Palestinian President Mahmoud Abbas called Khalida Jarrar at around 1 P.M. Sunday to congratulate her on her release from administrative detention – detention without trial – which had lasted 20 months. At his side was his intelligence chief, Majed Faraj, who was actually the first to congratulate her. She responded by congratulating Faraj for his recovery from an illness; he then gave the phone to Abbas, who said that he had “missed her.”
This is a routine exchange of pleasantries, almost like the American ‘How are you?” – and Jarrar responded as is customary, saying “I missed you too, Abu Mazen,” using Abbas’ nickname. He told her that he and Faraj were on their way to Baghdad, to what official spokesmen would later define as an important meeting with the Iraqi government.
According to reports on several websites, the last time Jarrar and Abbas met, at a meeting of Palestinian leaders in June 2017, she sharply criticized Abbas’ punitive policies toward Gaza. She also assailed the security coordination with Israel.
There were even reports that Abbas was planning to block her participation in leadership meetings, which include the executive committee of the PLO, different factions in the (now formally dispersed) Palestinian Legislative Council and the heads of various organizations. A month later Israel’s Shin Bet security service and the army arrested her at home.
This week, though, both Abbas and Jarrar sounded at ease during their brief exchange. Their conversation took place between Jarrar’s interview with a local TV station, a conversation with Haaretz, a phone call from a senior Fatah member inquiring about a good time to visit, and a short visit from an emotional and teary acquaintance who came to hug Jarrar not knowing there had already been a mass welcoming event.
Based on experience, following a previous incarceration of Khalida and her release in June 2016, Khalida’s husband Ghassan knew that their house would be too small for all the well-wishers. Ahead of her release he rented a hall at Ramallah’s Catholic church for three days, six hours a day, beginning on the day of her release a week ago Thursday.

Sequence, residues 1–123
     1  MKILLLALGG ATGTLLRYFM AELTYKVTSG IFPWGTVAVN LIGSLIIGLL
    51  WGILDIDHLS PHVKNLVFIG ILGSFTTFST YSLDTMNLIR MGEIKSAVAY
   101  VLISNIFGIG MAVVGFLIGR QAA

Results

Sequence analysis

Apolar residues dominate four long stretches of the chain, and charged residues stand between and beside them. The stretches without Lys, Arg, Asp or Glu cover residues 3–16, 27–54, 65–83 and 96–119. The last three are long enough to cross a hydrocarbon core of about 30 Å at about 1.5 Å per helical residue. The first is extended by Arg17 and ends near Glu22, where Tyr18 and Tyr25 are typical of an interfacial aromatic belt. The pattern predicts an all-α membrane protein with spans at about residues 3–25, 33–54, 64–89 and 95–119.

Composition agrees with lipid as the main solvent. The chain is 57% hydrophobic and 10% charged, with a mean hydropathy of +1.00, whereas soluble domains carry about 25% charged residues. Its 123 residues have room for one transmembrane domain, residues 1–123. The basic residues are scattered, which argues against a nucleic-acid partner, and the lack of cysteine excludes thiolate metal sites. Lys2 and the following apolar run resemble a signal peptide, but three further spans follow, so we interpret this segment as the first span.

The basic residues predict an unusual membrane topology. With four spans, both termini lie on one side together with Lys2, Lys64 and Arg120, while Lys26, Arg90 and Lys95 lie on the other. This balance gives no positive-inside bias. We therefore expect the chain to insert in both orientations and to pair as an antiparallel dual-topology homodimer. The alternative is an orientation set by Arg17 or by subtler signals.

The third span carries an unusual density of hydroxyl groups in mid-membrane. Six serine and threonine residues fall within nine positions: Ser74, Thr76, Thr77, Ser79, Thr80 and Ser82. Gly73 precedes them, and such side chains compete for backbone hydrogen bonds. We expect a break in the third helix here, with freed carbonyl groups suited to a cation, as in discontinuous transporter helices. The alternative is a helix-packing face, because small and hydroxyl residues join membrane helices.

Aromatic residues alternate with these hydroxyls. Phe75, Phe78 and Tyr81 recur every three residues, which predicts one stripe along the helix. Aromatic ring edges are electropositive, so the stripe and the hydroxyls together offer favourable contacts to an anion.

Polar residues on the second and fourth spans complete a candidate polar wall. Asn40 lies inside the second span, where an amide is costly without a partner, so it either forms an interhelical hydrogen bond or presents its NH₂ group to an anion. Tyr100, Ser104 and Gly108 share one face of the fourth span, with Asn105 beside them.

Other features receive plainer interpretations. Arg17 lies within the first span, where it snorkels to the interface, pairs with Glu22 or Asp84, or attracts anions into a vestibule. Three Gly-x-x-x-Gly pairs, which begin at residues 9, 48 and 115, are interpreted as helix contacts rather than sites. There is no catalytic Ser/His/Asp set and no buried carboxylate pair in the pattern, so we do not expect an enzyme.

Several thousand people showed up during those three days. People came in delegations and as individuals, from Hebron and Jerusalem, Jenin and Tul Karm, Haifa and Nazareth, from villages and refugee camps, young and old. There were people with or without political affiliations, people Jarrar knew and many she didn’t. There were celebrities and ordinary folk, former prisoners (“I’m on leave between arrests,” one of them joked), as well as probable future prisoners. Every Palestinian family has experienced a detention or a stint in an Israeli prison by one of its sons or daughters for the crime of opposing the Israeli occupation.
Jarrar shook hands, hugged people, and talked in a relaxed manner with anyone who sat down beside her, as if that person were the only one in the hall. She had her photo taken with anyone requesting a selfie with her, and gave short interviews. Most of all, she laughed and smiled a lot.
“For a long time we haven’t smiled so much or been in such a good mood,” wrote on Facebook a feminist activist who was among the people greeting Jarrar. As another woman put it, “How good it was to meet everyone, and for a change not at a mourning tent.”